RESULTS

The sociodemographic, psychological, and clinical data of the population (SC and PHC) are shown in Table 1 . The SC sample was composed essentially of women (84.6%), aged from 60 to 70 years (60.5%), with an educational level > 8 years (60.4%), who were single, divorced, or widowed (50.8%), and had a household income > 1.5 minimum wages (57.9%). Most older adults had no depression symptoms (89.0%), reported happiness (62.0%), wore prosthesis (74.2%), had a need for prosthesis (64.52%), and had ≤ 12 teeth (52.5%). OHIP scores were associated with age (p = 0.046), sense of coherence (p < 0.001), depression (p < 0.001) and happiness (p = 0.051) for older adults participating in SC. The PHC sample was also composed essentially of women (73.7%), aged ≥ 71 years (63.5%), with an educational level > 8 years (91.4%), who were single, divorced, or widowed (55.0%), and had a household income > 1.5 minimum wages (58.3%). Most older adults who did not participate in SC had symptoms of depression (54.2%), reported happiness (62.6%), wore prosthesis (86.2%), had no need for prosthesis (54.3%), and had ≤ 12 teeth (87.8%). In PHC, statistically significant differences of OHIP scores were observed according to household income (p = 0.043) and depression (p = 0.006). The mean values and standard deviation (SD) of the OHIP-14 scores obtained from the PHC and SC samples were, respectively, 8.50 (10.52) and 6.20 (8.69), p < 0.001.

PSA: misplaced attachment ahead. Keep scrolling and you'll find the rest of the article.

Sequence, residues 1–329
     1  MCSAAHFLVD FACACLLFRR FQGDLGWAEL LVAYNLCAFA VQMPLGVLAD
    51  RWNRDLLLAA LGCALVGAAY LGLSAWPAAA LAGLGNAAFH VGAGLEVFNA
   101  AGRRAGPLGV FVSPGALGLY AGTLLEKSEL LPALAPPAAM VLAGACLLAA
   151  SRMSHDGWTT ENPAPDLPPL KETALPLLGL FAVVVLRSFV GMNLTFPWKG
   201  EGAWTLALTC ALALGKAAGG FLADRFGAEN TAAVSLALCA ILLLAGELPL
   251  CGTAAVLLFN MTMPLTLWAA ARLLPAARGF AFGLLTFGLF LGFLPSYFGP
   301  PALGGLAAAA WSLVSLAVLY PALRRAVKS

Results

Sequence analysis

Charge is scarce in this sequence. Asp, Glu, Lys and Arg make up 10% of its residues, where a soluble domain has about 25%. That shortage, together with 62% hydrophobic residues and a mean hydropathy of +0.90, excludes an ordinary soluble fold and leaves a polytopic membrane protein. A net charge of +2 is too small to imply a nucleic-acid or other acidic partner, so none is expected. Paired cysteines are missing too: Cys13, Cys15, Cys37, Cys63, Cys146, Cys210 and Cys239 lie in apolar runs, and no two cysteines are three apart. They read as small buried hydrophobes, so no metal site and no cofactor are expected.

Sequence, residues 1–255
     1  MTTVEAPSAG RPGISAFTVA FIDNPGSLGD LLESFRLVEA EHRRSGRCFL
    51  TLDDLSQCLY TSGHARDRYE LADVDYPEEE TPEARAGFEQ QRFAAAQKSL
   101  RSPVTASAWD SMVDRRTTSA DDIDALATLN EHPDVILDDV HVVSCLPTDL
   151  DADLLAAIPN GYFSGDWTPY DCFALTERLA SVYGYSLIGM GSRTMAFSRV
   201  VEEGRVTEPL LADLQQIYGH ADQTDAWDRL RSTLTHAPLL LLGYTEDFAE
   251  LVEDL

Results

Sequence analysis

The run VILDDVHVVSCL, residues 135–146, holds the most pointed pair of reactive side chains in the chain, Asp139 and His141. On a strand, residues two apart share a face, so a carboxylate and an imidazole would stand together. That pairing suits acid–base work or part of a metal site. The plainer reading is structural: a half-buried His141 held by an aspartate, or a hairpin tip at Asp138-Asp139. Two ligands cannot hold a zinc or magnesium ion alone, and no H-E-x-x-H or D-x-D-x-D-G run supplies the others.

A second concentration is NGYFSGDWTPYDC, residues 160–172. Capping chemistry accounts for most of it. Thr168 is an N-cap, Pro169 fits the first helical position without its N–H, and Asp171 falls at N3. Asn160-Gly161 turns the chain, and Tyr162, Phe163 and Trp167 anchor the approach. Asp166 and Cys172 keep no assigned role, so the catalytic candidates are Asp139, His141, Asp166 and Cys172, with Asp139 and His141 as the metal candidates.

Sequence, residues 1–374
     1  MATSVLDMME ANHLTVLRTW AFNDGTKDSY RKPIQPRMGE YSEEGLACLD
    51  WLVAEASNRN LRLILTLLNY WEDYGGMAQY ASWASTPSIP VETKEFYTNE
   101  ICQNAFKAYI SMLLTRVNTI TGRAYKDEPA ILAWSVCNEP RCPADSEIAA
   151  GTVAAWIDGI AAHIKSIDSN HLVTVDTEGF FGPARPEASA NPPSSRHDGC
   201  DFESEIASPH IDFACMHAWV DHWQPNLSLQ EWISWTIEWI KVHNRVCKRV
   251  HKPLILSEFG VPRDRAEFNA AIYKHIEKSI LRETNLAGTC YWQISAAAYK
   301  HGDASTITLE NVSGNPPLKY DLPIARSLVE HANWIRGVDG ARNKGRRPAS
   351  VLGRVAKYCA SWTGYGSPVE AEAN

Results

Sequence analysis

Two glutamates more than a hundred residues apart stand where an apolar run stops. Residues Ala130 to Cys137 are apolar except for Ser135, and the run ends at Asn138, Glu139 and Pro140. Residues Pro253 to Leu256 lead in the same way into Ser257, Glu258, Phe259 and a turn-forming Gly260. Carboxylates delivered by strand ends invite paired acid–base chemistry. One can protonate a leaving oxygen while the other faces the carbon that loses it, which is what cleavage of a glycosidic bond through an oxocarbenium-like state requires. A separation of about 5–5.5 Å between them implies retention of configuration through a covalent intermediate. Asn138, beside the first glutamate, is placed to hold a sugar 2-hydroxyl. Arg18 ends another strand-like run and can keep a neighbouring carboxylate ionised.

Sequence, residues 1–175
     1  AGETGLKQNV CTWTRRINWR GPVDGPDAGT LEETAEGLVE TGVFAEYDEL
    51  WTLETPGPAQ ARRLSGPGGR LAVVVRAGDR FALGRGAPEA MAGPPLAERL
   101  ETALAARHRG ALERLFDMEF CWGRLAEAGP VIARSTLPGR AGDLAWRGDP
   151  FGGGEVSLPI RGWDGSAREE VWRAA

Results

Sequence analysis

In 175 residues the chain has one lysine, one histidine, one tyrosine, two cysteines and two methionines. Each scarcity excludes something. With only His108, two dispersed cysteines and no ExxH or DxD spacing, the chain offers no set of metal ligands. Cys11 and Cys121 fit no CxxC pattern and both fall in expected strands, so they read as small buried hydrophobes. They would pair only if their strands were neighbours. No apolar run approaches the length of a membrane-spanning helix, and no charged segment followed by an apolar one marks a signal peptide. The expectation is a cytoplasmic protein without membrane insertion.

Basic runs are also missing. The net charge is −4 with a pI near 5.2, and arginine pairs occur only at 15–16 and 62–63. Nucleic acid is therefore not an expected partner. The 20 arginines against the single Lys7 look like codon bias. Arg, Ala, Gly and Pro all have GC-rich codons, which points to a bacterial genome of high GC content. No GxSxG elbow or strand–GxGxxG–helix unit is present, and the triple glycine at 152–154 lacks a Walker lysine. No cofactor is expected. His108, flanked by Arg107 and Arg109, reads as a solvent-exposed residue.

Table 1 Sample distribution and bivariate analysis of sociodemographic, psychosocial and oral clinical conditions related to OHIP-14 scores in Primary Healthcare Centers and Seniors Centers. 

Variables Primary Healthcare Centers (PHC) Seniors Centers (SC)

N Mean SD P-value PHC N Mean SD P-value SC
Sociodemographic

Sex
Female 121 8.3 10.9 0.252 105 6.3 8.4 0.087
Male 43 8.8 9.4 19 5.1 9.7
Age
60-70 60 9.4 11.3 0.607 75 7.4 9.1 0.046
> 71 104 8.1 10.1 49 4.2 7.5
Educational Level
>8 years 150 8.6 10.7 0.653 75 5.9 7.9 0.841
≤ 8 years 14 6.5 7.7 49 6.5 9.7
Marital Status
Married/Stable Union 73 8.2 9.3 0.964 61 6.6 9.1 0.673
Single/Divorced/Widowed 89 8.9 11.9 63 5.7 8.2
Household Income
≤ 1.5 minimum wage 67 10.0 10.9 0.043 45 6.67 9.62 0.293
>1.5 minimum wage 93 7.3 10.1 62 4.49 6.73

Psychosocial

Sense of Coherence
High 67 6.3 6.7 0.232 61 3.2 4.7 <0.001
Low 62 10.9 13.5 63 9.0 10.5
Depression
Normal 64 6.6 7.7 0.006 98 5.4 7.3 <0.001
High/Low 76 13.5 14.7 12 15.1 13.0
Happiness
High 89 8.1 8.8 0.659 77 5.1 7.9 0.051
Low 53 9.2 12.9 47 7.9 9.6

Clinical

Use for Prosthesis
No 22 9.4 10.9 0.511 32 4.0 6.6 0.073
Yes 138 8.2 10.4 92 6.94 9.20
Need for Prosthesis
No 87 7.2 9.0 0.261 44 5.7 10.0 0.126
Yes 73 9.8 11.9 80 6.46 7.92
Number of Teeth
0–12 145 8.8 10.9 0.275 65 7.7 10.1 0.057